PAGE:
FROM THE GOLDMINE By Enefiok Udo-Obong


It was nineteenth century Australian Soldier, John Monsah, that said ‘No man is a hero in his own country’. This simply in different words tells us what we all say that a prophet is not recognized in his home country. And a recent piece by one of these heroes, Mr Segun Odegbami (no introductions necessary) made me ponder this once more.

In his very enlightening article “The forgotten heroes of December 12, 1976 – Race against time!”published in some newspapers, Mr Odegbami recalled how history was made 44 years ago as a group of young men won Nigeria her first continental title in Football. He was a part of that group of course as his team, the IICC Shooting Stars Football Club, against all odds, defeated Tonnere Kalala FC of Cameroon, complete with the legendary Roger Miller, 4-2 on aggregates to win the Cup Winners Cup for Nigeria.

The article raises some fundamental issues in our sports and also sends a pointer to a grave sad story in our existence as a country. The big issue raised was how we as a nation recognize our heroes and treat them.

We have numerous people that have made us evolve and grow as a country in different fields of work and it is our responsibility to recognize them and remember them so that the future ones would see a reason to strive to be made relevant. In sports, we have had great game changers in the field of play and as administrators at all levels. From grassroots coaches, to games masters to athletes. Even those at school levels may have changed the course and future of how education was served.

Mr Odegbami used his words to expose the names of some almost forgotten heroes of that great Shooting Stars team. Best Ogedegbe, Samuel Ojebode (captain), Joseph Appiah, Dauda Adepoju, Sam Abossey, Folorunsho Gambari, Kehinde Jeyifous, Mudashiru Lawal, Adekunle Awesu, Adeleye Abai and Moses Otolorin (All deceased). And amongst those still alive, Zion Ogunfeyimi, Amusa Adisa, Idowu Otubusen, Segun Adelakun, Nathaniel Adewole, Kofi Ashante, Phillip Boamah and Segun Odegbami himself. He also brings to forth the names of the great coaches, Joseph Ladipo (Jossy Lad) and Rafiu Salami (both of blessed memory). These are heroes in Nigeria and many names we may have forgotten or do not recognize. It is sad indeed that this is a story in almost all sports and has spanned since independence and even before.

We have people that have changed the face of our sports, that have brought us honour and glory, that have been trailblazers in doing extra ordinary things in extra ordinary conditions and yet we seem to forget them as the season passes. If they are lucky (like our Winter Olympic Bobsleigh Team) they get recognition for a short period but are then forgotten. People neither remember their names nor do they remember the impact of their achievements.

A few sports historians and some journalists have published books of our sporting history. Sometimes these are written in general terms and do not contain names of every individual that has sacrificed for his sports or sometimes just a mere report on the story and results of the endeavours. A sportsman loves recognition. They crave appreciation. When they have spent hours in the sun or gym preparing, the least they want is to feel appreciated. No amount of money can compensate for those times spent training, but a simple recognition goes a long way. That is why years of hard work will be replaced by a broad smile when given a simple medal…no matter the colour.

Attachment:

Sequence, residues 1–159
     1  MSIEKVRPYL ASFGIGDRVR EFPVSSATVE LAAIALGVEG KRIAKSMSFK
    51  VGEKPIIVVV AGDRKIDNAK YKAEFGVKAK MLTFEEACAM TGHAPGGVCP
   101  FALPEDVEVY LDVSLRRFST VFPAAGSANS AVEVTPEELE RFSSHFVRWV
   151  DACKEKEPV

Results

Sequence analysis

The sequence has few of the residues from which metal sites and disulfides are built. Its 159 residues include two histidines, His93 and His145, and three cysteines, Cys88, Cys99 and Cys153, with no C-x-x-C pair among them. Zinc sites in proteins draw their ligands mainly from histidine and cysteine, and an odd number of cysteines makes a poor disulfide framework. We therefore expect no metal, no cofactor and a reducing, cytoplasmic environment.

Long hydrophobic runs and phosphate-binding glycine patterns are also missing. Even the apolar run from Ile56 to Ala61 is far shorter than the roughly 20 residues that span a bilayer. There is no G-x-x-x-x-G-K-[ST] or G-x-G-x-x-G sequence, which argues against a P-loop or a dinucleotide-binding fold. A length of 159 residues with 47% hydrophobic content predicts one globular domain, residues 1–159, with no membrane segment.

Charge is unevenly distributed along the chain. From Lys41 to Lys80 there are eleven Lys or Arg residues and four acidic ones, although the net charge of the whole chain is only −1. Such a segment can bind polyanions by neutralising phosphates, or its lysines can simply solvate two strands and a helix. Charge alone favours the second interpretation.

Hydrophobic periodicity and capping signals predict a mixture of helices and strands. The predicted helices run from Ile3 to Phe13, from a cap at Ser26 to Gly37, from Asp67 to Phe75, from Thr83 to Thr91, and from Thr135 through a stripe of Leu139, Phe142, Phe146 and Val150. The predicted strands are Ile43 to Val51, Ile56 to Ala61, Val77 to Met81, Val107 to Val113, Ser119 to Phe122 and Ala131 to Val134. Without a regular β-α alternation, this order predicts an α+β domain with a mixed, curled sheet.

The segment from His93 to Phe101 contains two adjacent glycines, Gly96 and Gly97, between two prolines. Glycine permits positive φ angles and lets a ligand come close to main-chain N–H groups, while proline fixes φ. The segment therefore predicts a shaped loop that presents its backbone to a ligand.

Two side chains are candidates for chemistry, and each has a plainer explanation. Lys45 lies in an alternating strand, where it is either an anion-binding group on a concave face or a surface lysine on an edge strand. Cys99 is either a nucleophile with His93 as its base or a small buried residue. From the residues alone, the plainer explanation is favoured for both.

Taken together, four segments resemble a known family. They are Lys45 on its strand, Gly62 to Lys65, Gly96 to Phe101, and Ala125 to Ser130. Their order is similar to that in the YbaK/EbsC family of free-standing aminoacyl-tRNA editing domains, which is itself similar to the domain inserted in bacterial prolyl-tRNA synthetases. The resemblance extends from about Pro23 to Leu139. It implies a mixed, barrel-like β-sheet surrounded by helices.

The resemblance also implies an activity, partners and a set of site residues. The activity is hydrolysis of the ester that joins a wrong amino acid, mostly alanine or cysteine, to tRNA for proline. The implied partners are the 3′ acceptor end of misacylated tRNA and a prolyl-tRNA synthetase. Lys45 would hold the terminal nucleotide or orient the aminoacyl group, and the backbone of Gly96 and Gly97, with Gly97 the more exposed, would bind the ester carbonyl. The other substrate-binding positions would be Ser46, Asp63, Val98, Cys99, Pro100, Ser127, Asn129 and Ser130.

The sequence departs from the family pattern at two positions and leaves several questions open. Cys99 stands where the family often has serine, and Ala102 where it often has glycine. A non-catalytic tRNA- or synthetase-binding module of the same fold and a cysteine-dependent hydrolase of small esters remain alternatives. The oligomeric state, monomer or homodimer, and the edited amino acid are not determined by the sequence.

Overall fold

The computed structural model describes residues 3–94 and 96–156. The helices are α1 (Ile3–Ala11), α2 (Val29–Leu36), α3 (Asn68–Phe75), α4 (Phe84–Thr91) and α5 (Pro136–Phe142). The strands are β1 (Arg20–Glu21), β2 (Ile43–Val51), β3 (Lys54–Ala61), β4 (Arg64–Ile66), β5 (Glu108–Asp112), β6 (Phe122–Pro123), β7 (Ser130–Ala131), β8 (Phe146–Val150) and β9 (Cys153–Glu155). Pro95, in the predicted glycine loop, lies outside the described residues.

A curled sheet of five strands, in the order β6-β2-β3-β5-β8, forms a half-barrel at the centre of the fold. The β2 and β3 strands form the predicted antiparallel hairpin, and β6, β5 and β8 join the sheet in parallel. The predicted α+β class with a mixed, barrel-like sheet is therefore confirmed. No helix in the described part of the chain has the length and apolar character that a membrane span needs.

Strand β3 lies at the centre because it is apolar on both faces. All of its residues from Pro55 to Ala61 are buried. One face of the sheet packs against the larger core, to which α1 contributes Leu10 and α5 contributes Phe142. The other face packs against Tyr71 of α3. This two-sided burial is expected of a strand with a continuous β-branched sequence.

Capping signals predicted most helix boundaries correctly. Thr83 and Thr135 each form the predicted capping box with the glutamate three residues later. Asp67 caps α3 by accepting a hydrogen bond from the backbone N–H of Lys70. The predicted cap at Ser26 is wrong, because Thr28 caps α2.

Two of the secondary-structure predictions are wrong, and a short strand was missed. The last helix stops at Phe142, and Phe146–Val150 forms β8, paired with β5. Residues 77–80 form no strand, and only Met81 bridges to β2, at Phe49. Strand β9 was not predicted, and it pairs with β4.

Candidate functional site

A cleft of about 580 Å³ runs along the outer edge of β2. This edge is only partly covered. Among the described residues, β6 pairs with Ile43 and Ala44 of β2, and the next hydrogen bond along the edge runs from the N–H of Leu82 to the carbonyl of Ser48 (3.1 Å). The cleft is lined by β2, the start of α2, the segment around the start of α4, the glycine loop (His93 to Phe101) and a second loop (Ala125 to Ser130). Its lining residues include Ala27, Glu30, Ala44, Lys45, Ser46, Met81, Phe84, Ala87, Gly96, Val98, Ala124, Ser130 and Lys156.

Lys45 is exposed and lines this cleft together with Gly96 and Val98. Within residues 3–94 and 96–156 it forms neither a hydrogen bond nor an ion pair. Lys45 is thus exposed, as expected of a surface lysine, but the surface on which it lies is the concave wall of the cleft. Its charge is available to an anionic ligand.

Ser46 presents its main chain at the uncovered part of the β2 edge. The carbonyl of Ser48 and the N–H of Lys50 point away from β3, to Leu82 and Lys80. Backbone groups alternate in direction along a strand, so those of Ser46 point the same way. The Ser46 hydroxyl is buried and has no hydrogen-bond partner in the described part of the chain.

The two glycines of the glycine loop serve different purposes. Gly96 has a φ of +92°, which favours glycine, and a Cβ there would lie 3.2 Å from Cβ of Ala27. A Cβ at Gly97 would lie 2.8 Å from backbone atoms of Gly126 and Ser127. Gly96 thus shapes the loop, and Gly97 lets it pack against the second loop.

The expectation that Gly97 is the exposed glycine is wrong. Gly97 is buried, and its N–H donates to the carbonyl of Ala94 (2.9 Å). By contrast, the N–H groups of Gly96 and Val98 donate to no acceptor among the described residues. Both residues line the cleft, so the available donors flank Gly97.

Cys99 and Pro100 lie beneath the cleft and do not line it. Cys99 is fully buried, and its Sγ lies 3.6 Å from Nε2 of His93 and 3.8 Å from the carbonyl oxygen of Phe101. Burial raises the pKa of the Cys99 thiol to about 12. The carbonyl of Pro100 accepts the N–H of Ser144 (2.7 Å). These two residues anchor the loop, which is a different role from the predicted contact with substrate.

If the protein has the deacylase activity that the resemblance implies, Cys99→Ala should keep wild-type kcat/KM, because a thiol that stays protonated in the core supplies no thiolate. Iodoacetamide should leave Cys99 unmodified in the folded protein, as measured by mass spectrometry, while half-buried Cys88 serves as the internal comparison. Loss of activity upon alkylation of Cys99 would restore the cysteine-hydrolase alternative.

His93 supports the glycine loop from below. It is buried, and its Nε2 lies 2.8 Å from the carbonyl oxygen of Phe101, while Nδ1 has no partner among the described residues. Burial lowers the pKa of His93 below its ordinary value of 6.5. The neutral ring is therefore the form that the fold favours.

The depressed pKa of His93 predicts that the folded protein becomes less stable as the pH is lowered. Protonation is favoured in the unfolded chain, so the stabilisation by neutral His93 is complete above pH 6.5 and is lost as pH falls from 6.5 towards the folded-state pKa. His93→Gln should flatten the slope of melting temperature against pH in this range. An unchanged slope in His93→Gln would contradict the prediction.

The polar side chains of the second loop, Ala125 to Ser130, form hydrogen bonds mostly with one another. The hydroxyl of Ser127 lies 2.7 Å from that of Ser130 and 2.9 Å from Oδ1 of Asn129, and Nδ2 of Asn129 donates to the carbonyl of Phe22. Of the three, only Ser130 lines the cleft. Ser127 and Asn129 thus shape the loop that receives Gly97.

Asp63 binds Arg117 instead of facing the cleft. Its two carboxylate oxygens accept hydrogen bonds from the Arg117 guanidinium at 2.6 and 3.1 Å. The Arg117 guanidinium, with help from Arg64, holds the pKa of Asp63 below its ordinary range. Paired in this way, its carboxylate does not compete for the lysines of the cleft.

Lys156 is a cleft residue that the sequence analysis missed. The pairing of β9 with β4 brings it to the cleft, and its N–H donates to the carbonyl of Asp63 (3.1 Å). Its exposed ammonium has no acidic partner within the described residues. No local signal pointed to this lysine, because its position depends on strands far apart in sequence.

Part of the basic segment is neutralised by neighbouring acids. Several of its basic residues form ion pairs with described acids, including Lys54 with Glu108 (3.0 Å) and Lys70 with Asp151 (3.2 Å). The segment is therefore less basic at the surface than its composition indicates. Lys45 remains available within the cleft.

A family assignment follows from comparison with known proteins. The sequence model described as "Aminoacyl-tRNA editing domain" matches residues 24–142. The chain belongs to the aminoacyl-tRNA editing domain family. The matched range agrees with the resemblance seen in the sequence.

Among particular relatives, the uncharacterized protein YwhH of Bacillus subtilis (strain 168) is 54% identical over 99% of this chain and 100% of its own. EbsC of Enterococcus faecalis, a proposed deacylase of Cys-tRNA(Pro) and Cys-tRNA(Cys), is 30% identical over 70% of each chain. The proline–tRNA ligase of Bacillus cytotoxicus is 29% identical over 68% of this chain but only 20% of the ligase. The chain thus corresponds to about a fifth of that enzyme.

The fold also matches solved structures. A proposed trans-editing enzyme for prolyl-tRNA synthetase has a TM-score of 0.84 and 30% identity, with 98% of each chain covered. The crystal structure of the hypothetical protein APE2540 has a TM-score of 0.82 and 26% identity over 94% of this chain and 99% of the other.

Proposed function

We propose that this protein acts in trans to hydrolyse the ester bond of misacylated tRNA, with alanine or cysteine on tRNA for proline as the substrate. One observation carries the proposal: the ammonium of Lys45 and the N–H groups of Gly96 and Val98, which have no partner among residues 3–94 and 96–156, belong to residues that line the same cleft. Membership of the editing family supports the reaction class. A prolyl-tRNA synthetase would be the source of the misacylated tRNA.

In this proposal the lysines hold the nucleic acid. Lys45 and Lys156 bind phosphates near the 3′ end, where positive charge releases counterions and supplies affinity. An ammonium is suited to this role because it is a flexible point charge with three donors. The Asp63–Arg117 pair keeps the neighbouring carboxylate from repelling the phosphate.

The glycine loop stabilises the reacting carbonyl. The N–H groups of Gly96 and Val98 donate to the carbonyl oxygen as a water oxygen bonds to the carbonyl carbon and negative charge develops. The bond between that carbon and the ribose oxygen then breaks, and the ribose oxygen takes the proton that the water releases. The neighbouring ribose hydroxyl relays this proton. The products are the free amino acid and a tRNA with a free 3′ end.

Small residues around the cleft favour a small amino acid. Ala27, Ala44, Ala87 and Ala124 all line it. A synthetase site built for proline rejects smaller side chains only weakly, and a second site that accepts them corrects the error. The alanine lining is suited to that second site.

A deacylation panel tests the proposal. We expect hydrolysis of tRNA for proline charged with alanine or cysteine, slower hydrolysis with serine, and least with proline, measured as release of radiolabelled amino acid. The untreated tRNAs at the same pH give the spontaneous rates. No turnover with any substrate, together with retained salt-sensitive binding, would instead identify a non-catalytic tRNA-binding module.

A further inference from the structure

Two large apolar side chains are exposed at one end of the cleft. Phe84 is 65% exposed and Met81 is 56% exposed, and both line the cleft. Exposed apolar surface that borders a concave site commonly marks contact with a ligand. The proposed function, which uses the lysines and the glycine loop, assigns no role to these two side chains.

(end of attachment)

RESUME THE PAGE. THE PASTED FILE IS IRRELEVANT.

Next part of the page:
This is why it is time to call for a befitting National Sports Museum. One whose edifice will speak loudly and as eloquently as our achievements have on the field of play. One that would be a source of inspiration to all sportsmen and a point of pride to all Nigerians. One that would be also be a tourist attraction and a great revenue generator to help the causes of sports in our country. One where EVERY person to have represented Nigeria in great competitions will have their names casted on stone (ala Hollywood stars style).

It is time to preserve the memory of our sports for generations to come.

The Museum should not be a room or just a building but an establishment and a core of our sporting development. A place that would house permanent and temporary exhibits relating to our sporting history and development as a nation. We should place artifacts, statues and pictures in their thousands there. We do not need to reinvent the wheel, we can learn from the template of the Olympic Museum in Switzerland to see how this is developed and sustained.

Mr Segun Odegbami, who should be one of the foremost beneficiaries of a Sporting Museum as this based on his unrivalled achievements as an athlete, administrator and role model, made a very compelling case albeit unknowingly for a sporting museum. His article was entertaining with a wabbling mix of contrasting emotions that brought smiles, tears and pride to its reader, however ended the great piece with a worrisome statement that does not help our cause in our quest for national unity. He said that he hopes “the governments and people of the five states that made up Western State at the time that IICC Shooting Stars FC represented and brought honour to the global Yoruba race, will think, come out to do something, anything, to help, to support, to remember, to celebrate, or even appreciate all those heroes as they wane and fade in their race against TIME!”

Here I disagree sir, you should hope the government of NIGERIA help the heroes that brought pride to NIGERIA…Not the Yoruba Race. We are a nation and we preach Unity. The great players of IICC Shooting Stars represented Nigeria in the competition and not a socio-cultural section or race. And our Sports Museum must say so.